dir. Miguel Gomes, 2012, Portugal
The bottom line: “You can run as long as you can and as far as you can, but you cannot escape your heart.”
Premiering in the greater Chicago area for a one-off screening at Northwestern University’s Block Cinema this Friday, and currently playing elsewhere around the country in limited release, is Tabu, a hypnotic art film from the young Portuguese critic-turned-director Miguel Gomes. This exciting, thematically-dense, cinematically-entrancing movie, shot on real, eye-filling black-and-white film stock (oh yeah!), tells the story of a doomed love affair set against the backdrop of Portuguese colonialism in Africa. It also boasts a fascinating and complex two-part structure, the filmmakers’ assured formal control of which is never less than dazzling. This is only Gomes’ third feature-length movie as a writer/director, following his acclaimed earlier efforts The Face You Deserve (2004) and Our Beloved Month of August (2008), neither of which I’ve yet seen but both of which I’m now eager to check out as soon as possible. Tabu received its world premiere at the Berlin International Film Festival at the beginning of 2012 where it won two prizes before traveling to other festivals around the globe and considerably upping Gomes’ international profile. For Chicago cinephiles who may be curious as to what the fuss is about, I couldn’t recommend Friday’s screening more highly; a trek up to Evanston would be richly rewarded (among many other glories, you’ll get to hear a bitchin’ Portuguese cover of The Ronnettes’ “Be My Baby” – twice).
In recent decades, Portugal’s most high-profile cinematic exports have been the films of Manoel de Oliveira and Pedro Costa. Tabu is similar to the work of those filmmakers in some respects – the affectless performances of Gomes’ entire cast often recall the flat, neutral line readings of the former, while his unlikely thematic mash-up of cinephilia and colonialism might put one in the mind of the latter. But Tabu is also part of what might be considered a wider contemporary pan-European trend: the attempt of young filmmakers to provide a moral reckoning with their governments’ past colonial exploits in Africa, a difficult and, until recently, somewhat taboo subject to broach cinematically (not unlike the topic of, say, slavery in American movies). The French director Claire Denis might be said to be the spiritual godmother of this trend, having explored the subject in her first film (1988’s Chocolat) and returning to it regularly ever since with increasingly disturbing results (e.g., 1999’s Beau Travail and 2009’s White Material). More recently, 2011 saw the release of Ulrich Kohler’s Sleeping Sickness, a powerful, unsettling culture-clash drama about a German doctor from the World Health Organization stationed in Cameroon who “goes native” and loses his mind like Kurtz in Conrad’s Heart of Darkness. Interestingly, Sleeping Sickness, like Tabu, also has a bifurcated structure – with each half taking place on a separate continent and separated by a span of years. Perhaps uncoincidentally, both movies were co-produced by the gifted German director Maren Ade (Everyone Else).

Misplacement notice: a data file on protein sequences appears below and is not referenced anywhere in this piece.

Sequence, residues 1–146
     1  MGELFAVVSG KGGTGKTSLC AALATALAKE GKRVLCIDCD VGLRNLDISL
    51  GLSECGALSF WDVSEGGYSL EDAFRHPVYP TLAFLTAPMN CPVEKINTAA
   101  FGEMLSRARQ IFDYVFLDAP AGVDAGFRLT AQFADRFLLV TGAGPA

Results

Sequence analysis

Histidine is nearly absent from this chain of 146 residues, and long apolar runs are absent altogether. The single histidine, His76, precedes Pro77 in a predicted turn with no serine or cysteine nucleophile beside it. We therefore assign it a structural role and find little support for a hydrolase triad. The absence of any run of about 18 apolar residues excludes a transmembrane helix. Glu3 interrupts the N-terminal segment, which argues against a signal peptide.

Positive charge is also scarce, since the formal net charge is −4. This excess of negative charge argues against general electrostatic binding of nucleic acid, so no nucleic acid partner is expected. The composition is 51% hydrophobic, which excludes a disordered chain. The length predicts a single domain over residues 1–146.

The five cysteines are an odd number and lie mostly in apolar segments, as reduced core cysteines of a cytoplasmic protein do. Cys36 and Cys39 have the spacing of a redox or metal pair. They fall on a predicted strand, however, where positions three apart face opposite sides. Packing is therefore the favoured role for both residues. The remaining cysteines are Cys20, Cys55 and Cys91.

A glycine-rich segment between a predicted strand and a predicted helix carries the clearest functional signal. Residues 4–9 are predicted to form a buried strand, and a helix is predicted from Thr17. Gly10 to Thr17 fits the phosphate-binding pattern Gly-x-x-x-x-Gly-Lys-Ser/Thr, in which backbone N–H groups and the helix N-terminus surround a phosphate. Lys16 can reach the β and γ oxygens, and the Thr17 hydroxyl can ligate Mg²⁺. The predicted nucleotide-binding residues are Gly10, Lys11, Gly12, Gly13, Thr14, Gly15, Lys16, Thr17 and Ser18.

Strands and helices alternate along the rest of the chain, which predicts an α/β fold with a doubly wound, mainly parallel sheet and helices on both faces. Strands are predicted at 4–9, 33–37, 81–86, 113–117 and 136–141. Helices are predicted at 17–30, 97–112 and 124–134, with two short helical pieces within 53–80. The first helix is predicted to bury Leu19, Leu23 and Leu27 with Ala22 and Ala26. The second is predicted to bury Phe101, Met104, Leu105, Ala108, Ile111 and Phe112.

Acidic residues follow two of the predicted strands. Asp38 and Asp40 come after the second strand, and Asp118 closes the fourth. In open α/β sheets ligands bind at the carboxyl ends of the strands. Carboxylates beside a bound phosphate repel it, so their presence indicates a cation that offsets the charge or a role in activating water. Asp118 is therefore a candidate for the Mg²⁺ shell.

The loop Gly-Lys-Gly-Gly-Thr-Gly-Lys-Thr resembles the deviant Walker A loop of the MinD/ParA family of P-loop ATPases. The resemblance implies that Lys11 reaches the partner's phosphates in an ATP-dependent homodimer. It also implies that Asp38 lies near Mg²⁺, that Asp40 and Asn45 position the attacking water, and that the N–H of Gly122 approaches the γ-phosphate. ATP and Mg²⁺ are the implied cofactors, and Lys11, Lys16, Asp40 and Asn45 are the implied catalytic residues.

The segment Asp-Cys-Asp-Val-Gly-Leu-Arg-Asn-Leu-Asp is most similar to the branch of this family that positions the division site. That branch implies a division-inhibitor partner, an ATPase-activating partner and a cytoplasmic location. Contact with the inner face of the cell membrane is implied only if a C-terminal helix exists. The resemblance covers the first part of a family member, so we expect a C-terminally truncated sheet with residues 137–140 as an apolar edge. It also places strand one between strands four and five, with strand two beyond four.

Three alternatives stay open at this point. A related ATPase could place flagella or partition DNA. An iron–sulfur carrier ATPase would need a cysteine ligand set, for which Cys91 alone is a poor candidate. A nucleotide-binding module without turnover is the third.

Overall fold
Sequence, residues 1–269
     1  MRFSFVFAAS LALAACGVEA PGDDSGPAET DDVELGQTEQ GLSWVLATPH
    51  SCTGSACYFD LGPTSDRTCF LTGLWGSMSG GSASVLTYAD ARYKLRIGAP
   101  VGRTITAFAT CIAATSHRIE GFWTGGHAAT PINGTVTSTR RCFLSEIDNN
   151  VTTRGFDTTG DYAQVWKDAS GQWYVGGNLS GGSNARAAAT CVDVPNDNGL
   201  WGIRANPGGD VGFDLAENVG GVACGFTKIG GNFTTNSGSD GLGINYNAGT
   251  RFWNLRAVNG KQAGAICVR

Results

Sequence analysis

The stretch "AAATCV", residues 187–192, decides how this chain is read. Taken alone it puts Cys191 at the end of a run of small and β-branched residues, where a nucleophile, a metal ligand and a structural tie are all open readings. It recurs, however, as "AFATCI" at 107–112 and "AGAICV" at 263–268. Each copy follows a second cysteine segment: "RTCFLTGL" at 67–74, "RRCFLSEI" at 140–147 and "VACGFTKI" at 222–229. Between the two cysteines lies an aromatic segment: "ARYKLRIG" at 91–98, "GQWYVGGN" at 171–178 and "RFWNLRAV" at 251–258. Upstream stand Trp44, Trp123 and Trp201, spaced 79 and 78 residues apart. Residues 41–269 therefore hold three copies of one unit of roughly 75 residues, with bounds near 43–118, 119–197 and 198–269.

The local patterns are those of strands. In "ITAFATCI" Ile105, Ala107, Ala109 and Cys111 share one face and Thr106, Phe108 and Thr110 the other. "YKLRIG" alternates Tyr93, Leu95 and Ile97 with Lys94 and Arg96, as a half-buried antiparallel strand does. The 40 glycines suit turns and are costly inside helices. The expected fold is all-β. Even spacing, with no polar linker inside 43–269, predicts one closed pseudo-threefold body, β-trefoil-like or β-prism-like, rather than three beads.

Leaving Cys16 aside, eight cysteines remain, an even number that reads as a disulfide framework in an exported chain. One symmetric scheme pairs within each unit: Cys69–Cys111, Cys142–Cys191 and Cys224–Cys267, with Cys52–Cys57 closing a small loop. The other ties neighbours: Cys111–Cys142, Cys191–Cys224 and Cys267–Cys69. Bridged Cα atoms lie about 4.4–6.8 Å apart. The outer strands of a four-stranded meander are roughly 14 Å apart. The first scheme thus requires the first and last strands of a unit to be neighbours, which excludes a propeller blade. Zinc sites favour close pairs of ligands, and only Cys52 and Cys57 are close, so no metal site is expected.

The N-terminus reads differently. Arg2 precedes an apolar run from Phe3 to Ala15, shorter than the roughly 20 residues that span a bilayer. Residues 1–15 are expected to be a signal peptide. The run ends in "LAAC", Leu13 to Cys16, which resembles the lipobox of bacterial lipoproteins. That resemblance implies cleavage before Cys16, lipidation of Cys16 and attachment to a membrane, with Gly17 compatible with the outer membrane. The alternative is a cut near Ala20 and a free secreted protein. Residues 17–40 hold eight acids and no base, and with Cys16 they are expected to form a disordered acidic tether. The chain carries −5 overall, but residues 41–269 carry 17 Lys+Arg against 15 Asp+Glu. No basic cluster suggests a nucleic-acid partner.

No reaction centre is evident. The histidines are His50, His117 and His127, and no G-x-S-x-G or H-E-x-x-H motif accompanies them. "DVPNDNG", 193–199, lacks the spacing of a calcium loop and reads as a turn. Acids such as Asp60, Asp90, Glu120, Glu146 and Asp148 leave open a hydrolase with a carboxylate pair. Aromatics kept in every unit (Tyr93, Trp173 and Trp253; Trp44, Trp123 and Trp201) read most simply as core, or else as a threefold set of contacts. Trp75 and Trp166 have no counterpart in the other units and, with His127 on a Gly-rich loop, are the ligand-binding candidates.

The content: Tabu begins with a short, mysterious prologue where a European explorer in safari clothes is traveling through a jungle somewhere in southern Africa. A male narrator (director Gomes) describes the unnamed explorer’s adventures using florid, romantic language, which is presented in ironic counterpoint to the the more muted and melancholy images. This “intrepid explorer,” we learn, is haunted by the literal ghost of his deceased wife (who speaks aloud the quote at the beginning of this review). While none of the characters from the prologue figure into the main story proper, the scene nonetheless allows Gomes to establish the movie’s unique poetic tone and also one of its most prominent themes – the inability of escaping one’s own heart. There is also the intriguing suggestion that the prologue may be a film that is being watched by one of the characters within the first part of the story, which is titled “Paradise Lost” and set in contemporary Lisbon. In this section, Gomes introduces us to a kindly, middle-aged woman named Pilar and her elderly neighbor, a compulsive gambler named Aurora. Pilar is concerned for Aurora’s health because the old woman has been exhibiting signs of dementia and complaining that her black servant, Santa, is a witch. On her deathbed shortly afterwards, Aurora puts Pilar in touch with an old lover, Ventura, an Italian expatriate living in Portugal with whom she has had no contact in decades. The elderly Ventura tells Pilar a story that serves as a catalyst for the flashback that constitutes the film’s second half. This second part, titled “Paradise,” is set in the 1960s and depicts the illicit affair between Ventura, who, as a handsome young cad, played drums in a rock and roll band, and a young Aurora, who was then married to and pregnant by another man while living on a farm in “Mount Tabu,” Africa. The passionate affair between Aurora and Ventura, featuring one of the most gorgeously photographed and erotic sex scenes in memory, is eventually found out by a third character (the lead singer of the band Ventura plays in), and this discovery leads to murder and tragedy for all.